The Pakistan president, prime minister, COAS, and ISI chief have never denied that OBL was not living in Abbotabad or was not killed by American Marines. Pakistan state (ISI) have in their custody OBL’s family, so why do you (people of Pakistan) still go on pretending that OBL is alive or he was already killed in Tora Bora. Be honest and truthful to your history and culture.


  • Sajida
    Feb 20, 2012 - 9:20PM

    Balochistan-is clearest link US ants it for attack on Iran. After all where have the Jundalla been based but not in Balochistan? it is another dirty tricks campaign.
    US should stop this since country is fast crumbling at home.

    Andrew Bacevich | Uncle Sam, Global Gangster
    Andrew Bacevich, TomDispatch: “With the United States now well into the second decade of what the Pentagon has styled an ‘era of persistent conflict,’ the war formerly known as the global war on terrorism (unofficial acronym WFKATGWOT) appears increasingly fragmented and diffuse. Without achieving victory, yet unwilling to acknowledge failure, the United States military has withdrawn from Iraq. It is trying to leave Afghanistan, where events seem equally unlikely to yield a happy outcome.”
    Read the Article
    WOT looks to be a hoax…just look at that guy sitting pretty in London…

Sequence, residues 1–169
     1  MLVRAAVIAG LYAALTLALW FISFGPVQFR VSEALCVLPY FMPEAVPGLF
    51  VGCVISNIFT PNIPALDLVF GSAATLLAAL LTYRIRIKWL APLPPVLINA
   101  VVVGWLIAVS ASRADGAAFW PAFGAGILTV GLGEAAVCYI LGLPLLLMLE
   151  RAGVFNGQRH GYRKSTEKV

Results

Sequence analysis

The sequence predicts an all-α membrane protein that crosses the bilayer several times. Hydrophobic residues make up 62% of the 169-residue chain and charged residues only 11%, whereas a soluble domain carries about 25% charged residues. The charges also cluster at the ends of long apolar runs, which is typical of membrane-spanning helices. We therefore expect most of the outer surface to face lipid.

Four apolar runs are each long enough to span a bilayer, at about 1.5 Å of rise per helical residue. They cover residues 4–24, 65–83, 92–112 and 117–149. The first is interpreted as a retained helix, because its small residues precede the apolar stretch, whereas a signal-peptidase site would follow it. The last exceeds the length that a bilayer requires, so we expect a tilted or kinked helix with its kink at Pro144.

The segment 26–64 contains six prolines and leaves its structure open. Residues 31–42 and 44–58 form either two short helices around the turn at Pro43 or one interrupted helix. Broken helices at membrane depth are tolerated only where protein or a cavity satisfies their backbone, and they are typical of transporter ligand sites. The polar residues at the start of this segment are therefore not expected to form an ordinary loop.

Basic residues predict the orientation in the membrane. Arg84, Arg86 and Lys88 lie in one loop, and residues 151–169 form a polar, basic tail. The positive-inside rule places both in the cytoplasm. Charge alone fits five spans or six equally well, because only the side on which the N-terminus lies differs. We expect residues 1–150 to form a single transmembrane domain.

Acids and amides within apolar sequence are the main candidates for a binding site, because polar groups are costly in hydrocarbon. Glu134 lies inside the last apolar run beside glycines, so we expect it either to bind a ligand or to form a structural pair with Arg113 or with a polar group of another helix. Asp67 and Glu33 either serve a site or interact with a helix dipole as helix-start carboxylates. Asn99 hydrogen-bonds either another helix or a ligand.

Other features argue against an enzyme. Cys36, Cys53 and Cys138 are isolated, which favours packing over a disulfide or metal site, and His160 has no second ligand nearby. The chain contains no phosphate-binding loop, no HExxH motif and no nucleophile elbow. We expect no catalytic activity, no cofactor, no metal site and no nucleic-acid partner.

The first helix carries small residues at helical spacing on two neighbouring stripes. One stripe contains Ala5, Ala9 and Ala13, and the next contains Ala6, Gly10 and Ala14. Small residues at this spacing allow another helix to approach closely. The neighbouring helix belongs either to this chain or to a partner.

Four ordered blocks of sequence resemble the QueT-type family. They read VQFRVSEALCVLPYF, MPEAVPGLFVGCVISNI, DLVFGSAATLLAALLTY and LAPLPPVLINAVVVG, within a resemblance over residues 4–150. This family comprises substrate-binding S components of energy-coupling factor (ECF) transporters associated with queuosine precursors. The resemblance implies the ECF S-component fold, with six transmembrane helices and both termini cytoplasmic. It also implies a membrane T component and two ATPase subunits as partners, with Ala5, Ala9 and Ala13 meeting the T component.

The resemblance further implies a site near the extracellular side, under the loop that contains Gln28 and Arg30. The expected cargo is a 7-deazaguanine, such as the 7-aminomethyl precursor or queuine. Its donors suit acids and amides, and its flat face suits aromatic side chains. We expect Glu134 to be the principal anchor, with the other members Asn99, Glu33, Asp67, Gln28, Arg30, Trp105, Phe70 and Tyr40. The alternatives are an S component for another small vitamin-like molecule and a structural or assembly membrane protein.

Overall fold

Saudi Arabian millionaire ‘with links to 9/11 terror attacks’ living in luxury London home while working for state oil company


  • Shahid
    Feb 20, 2012 - 9:33PM

    It is so naive that Pakistani,s expect apology from united states. Do you guys realise that united states is ten thousand times more stronger than Pakistan using most parameters. Come on, live within your boundries. just like their are protocols for every thing as in Pakistani bureacracy a junior officer can not even send salam to a senior officer. Are we living in a fools paradise. We should be praising united states day and night that it has allowed us to continue breathing and be alive.


  • Cautious
    Feb 21, 2012 - 3:31AM

    the president and the Pakistan military are reluctant to cut the umbilical cord and believe the lines of engagement should be redrawn. There is every indication that they will.

    This is a constant theme in Pakistan that blindly assumes that Pakistan will determine the future of the relations and American’s will bow down an accept whatever terms you offer. I would argue that your leverage on America deceases daily and there will be a time in the not so distant future when you will scratch your head and wonder why the American’s stop returning your phone calls.Recommend

  • You Said It
    Feb 21, 2012 - 6:59AM

    This should have been titled “headlines of 2011”. What a waste of words and time.


  • meekal ahmed
    Feb 21, 2012 - 9:07PM

    I think the chord will not be cut. Maybe a better relationship will emerge after these traumatic events.

    We need to do some thinking on our own and dispel the widely-held notion and belief that we are double-dealing. Even if we are in our own self-interest, that does not go down well at home or abroad.